Layering on the minimony

Long Island couples say ‘I do’ to additional wedding costs

Dropping tens of thousands of dollars on a wedding has become average for Long Island couples, studies find.

But in the COVID-19 era, many brides and grooms are tacking on an unexpected cost: the minimony.

For Michelle Rock, 30, and Jonathan Pavlica, 30, of Bellerose, that meant spending another $5,000 on a 3-hour wedding at Westbury Manor with only eight guests …



… on top of their previously budgeted $35,000 for a 90-person event at Chateau Briand, set for later this year.

WHAT IS A MINIMONY?



A small, socially distanced wedding commonly held in the months before bigger nuptial events at homes or catering halls. It often includes a ceremony and dinner reception.

TOTAL COST: $2,000 to $10,000+

Most weddings last year, held as minimonies, cost about $19,000, including the venue, dress, and other extras, according to a national survey by The Knot. It might seem like an affordable price drop, but for many local couples, it’s a precursor to the traditionally expensive 150-plus guest celebration their wallets are still on the hook for.

IN 2020:

  • 96%
    altered their wedding plans
  • 88%
    moved forward with their receptions / ceremonies on a smaller scale
  • 80%
    had to downsize their guest lists
  • 43%
    added a virtual component
  • 35%
    chose to move their wedding reception/ceremony outdoors

Think of the minimony as another event the couple now hosts. It’s a scaled-down version of a larger event that often features many of the same elements, including notable moments like cutting the cake and the couple’s first dance.

Of the couples who moved forward with their wedding ceremony in 2020, 42% hosted a minimony and still plan on holding a larger reception, according to the survey which polled more than 7,600 couples.

Couples dreaming up their nuptials are now seeking estimates from vendors not typically a part of the pre-COVID planning process: tent rentals, backyard caterers, portable dance floors, alcohol, space heaters and more. The exact cost of a minimony varies based on how many guests are in attendance and how much DIY the couple takes on.

And while larger weddings are beginning their slow return, the intimate minimony trend may be here to stay.

“I don’t think it’s going anywhere anytime soon,” says wedding planner Michael Russo, of Cold Spring Harbor. “I could foresee it being around still in 2022. People are going to get a little used to this type of celebration that’s more intimate and smaller and enjoyable.”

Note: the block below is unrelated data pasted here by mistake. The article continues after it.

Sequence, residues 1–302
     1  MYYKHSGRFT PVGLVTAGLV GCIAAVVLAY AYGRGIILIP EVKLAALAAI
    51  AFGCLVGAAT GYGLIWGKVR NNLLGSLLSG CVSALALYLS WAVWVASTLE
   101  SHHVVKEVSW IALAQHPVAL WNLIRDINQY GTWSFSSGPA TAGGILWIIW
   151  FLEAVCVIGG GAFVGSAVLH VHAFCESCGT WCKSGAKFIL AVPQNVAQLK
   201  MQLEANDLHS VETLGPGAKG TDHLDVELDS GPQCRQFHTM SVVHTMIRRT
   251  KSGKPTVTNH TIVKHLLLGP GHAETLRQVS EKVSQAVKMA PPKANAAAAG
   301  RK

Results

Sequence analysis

Russo says a minimony can be accomplished for around $5,000, depending on how lavish the couple’s desires and number of guests.

“Micro” wedding packages at Lessing’s Group venues range in price, for example, from $2,500 for just a ceremony at Bourne Mansion in Oakdale to $8,500 for a four-hour reception for 50 guests at the Heritage Club at Bethpage.

Katerina, 25, and Jack Graham, 28, of Merrick, spent $2,000 on a backyard wedding for 30 guests between the tent ($1,200), alcohol ($300) and food ($350) …and that eventually got canceled and moved to a restaurant where the bill totaled an additional $3,000. They’re still planning a wedding next year.

Kat Yetter, 25, and her husband Ryan, 25, held what they’re calling their “bonus wedding” on July 24 and managed to only spend an additional $1,500. She purchased a second wedding dress online for $100, cut the guest list down to 10 and celebrated in her grandparents’ backyard in Massapequa, no tent rental required.



“It was super simple,” Kat says. “I really tried to keep costs down as much as possible knowing we would have a bigger celebration this year.”

For other couples, the minimony is a welcomed alternative to the larger wedding.

Melissa Butler, 32, and her fiance Richard Cumberland, 48, of Middle Island, are hoping to plan a minimony as their only ceremony for under $5,000 this October.

“A wedding does not have to be 100-plus guests,” she says. “A wedding is what you make it.”

Source: 2019 and 2020 wedding studies from The Knot

Writer and producer: Meghan Giannotta

Digital development: James Stewart, Matthew Cassella, and Mark Levitas

Social media editor: Gabriella Vukelić

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